A windfarm at Carnsore Point, Co Wexford. “If [climate] commitments are not specific, how can we know whether they have been kept or not? And if we don’t know that, the whole thing is a charade.” File photograph: Getty

In throwing out State’s Climate Mitigation Plan, judges have done a real service to Irish democracy

Monica Hickey, 5th class teacher and Matt Melvin, school principal at St Etchen’s National School, Kinnegad, Co Westmeath. Photograph: Alan Betson

Why are problems entirely predictable in April only being addressed now?

Jacob Rees-Mogg: “Brexit”, he told the Tory party conference in 2017,  “is Magna Carta . . it’s Waterloo, it’s Agincourt, it’s Crécy. We win all these things”. Photograph: Peter Summers/Getty Images

The epic story of liberation has become mesmerisingly tedious

 Denis O’Brien’s Communicorp remains free to impose arbitrary blanket bans on any group of people it does not like. Photograph: Frank Miller

Cancel culture isn’t new, just a new term for an old concept of cynical hypocrisy

Minister for Education Norma Foley: There is still no roadmap for reopening schools.   Photograph: Alan Betson / The Irish Times

With just five weeks to go, the Department of Education has no ‘clear picture’ of what is needed

British prime minister Boris Johnson. Consequences are merely boring details to the Brexiteers. Photograph: Will Oliver/EPA

Our neighbours are still struggling to believe that Brexit is a real-world event

Jack Charlton of Leeds United goes through before scoring past Arsenal’s Bob Wilson at Elland Road, 1971. Photograph: PA Wire

The two countries’ hybrid urban culture was a truth universally unacknowledged

US president Donald Trump arrives for the Independence Day events at Mount Rushmore National Memorial in Keystone, South Dakota, on Friday July 3rd. Photograph: Saul Loeb/AFP via Getty Images

The unfinished business of slavery, emancipation and Civil War is still playing itself out

Micheál Martin: Maybe he’s been worn down in the two decades since. Photograph: Julien Behal/PA Wire

In 1999 the then minister for education made brave choices. Does he still have it in him?

US president-elect  Donald Trump  and his wife Melania arrive for an inauguration concert at the Lincoln Memorial in Washington, DC on January 19th, 2017.  Photograph: Mandel Ngan/AFP via Getty Images

If Donald Trump is not removed from office, Abraham Lincoln’s republic cannot endure

Big job: Taoiseach Micheál Martin. Photograph: Niall Carson/PA Wire

The task it faces is, in its scale, something like the nation-building of a century ago

Fintan O’Toole: ‘It is probable that Johnson’s slovenly response has ended up killing more than 20,000 people’ Photograph: Neil Hall/EPA.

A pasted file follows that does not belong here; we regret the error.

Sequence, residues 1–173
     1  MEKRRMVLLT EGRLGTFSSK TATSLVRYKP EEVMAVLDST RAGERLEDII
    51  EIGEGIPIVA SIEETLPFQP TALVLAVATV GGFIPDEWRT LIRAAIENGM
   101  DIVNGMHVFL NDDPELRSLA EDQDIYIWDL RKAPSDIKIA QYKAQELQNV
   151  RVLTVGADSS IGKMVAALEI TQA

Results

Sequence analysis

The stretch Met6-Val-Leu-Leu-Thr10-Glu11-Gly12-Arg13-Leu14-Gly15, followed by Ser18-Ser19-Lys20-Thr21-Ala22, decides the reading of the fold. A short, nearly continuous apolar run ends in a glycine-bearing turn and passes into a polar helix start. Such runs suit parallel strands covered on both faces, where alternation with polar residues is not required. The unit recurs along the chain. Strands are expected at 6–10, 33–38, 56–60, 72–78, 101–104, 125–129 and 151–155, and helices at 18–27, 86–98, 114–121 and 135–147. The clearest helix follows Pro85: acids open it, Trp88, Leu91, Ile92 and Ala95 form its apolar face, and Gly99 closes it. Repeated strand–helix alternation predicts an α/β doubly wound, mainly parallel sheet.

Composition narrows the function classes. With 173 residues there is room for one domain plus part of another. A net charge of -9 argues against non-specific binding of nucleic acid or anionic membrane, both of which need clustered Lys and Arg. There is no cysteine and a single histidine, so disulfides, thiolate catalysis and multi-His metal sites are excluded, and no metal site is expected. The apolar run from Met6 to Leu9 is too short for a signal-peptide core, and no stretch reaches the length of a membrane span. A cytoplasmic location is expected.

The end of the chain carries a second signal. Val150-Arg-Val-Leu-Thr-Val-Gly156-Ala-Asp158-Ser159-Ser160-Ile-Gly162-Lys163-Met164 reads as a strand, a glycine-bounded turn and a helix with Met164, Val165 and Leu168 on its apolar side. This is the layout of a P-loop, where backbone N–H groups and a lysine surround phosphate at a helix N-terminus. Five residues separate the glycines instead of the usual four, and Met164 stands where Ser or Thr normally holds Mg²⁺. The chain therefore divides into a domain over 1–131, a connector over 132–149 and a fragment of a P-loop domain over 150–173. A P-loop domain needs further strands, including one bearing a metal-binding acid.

For once, we didn’t follow Britain – a moment of great psychological significance

“The problem for the Greens is that, on the big issues, they’ve been proven right. What were once eccentric and exotic positions are now the bloody obvious.” File photograph: Getty

It is the Greens’ own values that force them to take the power that is on offer

We figure out what paternity means by emulating or reacting against our fathers and their fathers and their fathers’ fathers. Photograph: Getty

Fatherhood is a kind of makey-up thing, but it has come into its own in lockdown

The scene of the Enniskillen bombing seconds after the blast in November 1987. Photograph: Pacemaker

There will be no justice for victims and the bereaved. But we can at least have the truth

Asleep at the wheel? US president Donald Trump hosting a roundtable discussion at the White House this week. Photograph: Saul Loeb/AFP/Getty

Covid-19 has turned the tide against right-wing nationalism and ‘strongman’ leaders

Taoiseach Leo Varadkar told Pat Kenny on Virgin TV on Friday: ‘We don’t see many black or brown judges, or in the Dáil – I’m the only one, I think, at the moment – don’t see many presenters on TV, for example, and that needs to change.’ Photograph: Leon Farrell/Photocall Ireland/PA Wire

If how we treat Travellers is our model for ‘rooting out’ racism, the prospects look bleak

Posters of Patrick Dorismond, seen circa 2000. Dorismond was killed outside a bar in Manhattan.  Photograph: Budd Williams/NY Daily News Archive via Getty Images

In 2016, white America elected a racist president. That privilege comes with a cost

Thousands throng Galway for the Macnas parade  during the ever-popular annual arts festival in the city. But this year all festivals, big and small, have disappeared.   Photograph: Brenda Fitzsimons

Covid-19 has destroyed live performance, we must support artists in reinventing it

Trollies with patients in the A&E Accident and Emergency Department of St. James’s Hospital, Dublin. File photograph: Alan Betson/The Irish Times.

The Covid-19 pandemic has made it impossible for the old health system to continue